There was a lot of focus on event tech during the week. This was the first paperless WEC without the typical printed event catalog, so everyone was forced to join the 21st century and use the QuickMobile event app.

Luckily, QuickMobile hit it out of the park with a user experience and interface that worked seamlessly throughout the entire event. Anybody who’s been experimenting with apps at major industry events throughout the last few years has experienced a lot of wonkiness. But this was the first time we felt comfortable relying solely on an app for content research, scheduling, speaker info, and in-app communication with other attendees.

“To me a good mobile app should do a few things,” said Tahira Endean, CMP/BHM, manager of events at QuickMobile. “It has to provide all of the information and content, and it also has to connect people. It needs to include all of your agenda, program and speaker information, you should be able to build your own schedule, and there needs to be a survey mechanism built in.”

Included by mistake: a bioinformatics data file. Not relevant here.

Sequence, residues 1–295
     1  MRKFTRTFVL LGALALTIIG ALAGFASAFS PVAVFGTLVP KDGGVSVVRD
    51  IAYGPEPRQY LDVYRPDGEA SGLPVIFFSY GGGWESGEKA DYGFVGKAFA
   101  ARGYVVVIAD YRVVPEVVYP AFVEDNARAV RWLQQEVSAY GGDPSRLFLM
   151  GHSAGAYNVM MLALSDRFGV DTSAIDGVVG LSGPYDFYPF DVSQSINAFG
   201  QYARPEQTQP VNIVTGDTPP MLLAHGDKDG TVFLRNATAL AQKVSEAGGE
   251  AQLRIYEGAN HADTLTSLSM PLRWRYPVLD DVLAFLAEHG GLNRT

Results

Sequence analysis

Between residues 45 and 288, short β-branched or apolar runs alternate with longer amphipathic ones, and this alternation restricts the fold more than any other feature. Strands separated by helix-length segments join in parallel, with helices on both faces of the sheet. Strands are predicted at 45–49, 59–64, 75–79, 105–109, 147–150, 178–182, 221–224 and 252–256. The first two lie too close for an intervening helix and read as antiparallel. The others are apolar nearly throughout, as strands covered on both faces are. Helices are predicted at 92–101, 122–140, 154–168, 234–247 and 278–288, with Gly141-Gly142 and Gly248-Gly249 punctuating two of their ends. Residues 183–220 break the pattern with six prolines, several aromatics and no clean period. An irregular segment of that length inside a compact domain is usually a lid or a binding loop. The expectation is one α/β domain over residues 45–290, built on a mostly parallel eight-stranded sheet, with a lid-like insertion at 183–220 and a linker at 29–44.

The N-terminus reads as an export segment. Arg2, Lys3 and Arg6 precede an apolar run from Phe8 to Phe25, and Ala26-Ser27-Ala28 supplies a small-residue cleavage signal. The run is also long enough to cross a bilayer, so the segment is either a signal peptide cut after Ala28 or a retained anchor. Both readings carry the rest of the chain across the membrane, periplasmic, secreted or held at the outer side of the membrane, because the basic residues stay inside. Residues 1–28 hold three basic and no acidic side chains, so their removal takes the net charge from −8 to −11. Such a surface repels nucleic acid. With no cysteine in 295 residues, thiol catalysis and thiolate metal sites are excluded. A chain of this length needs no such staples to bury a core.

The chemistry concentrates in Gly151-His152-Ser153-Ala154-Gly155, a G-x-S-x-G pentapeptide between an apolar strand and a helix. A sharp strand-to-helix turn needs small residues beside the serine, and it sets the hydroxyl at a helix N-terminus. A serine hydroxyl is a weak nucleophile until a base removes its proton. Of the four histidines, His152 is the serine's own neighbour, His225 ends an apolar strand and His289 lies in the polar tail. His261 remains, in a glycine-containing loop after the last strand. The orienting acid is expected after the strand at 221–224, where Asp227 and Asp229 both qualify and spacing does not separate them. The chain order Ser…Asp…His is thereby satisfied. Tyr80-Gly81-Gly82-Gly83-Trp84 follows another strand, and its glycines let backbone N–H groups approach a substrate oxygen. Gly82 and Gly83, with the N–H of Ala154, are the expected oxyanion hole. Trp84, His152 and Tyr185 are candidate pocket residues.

She says she especially likes the “My Schedule” component, which can load concurrent sessions that you can choose between at your convenience.

For the record, we love Endean. Give her a shout for anything and everything you want to know about event tech. As a meeting planner with over two decades of experience, she has a unique ability to put the planner first and tech second.

MPI hosted a few sessions during WEC 2014 including a discussion about the latest MPI Meetings Outlook trend report, prepared in collaboration with the Dallas CVB. The discussion revolved around how planners are continuing to be asked to do more for less. The number of survey respondents in the report who say they see meeting business improving in 2014 are significantly more than those who say their budgets are in alignment.

For the trend report session, MPI used the Lumi polling platform to collate responses from the audience, which worked well, although participation was not as high as we would have expected. The moderator used the polls to compare the audience numbers against the data in the trend report, and planners should expect to see a lot more of this type of silent interactivity in the future.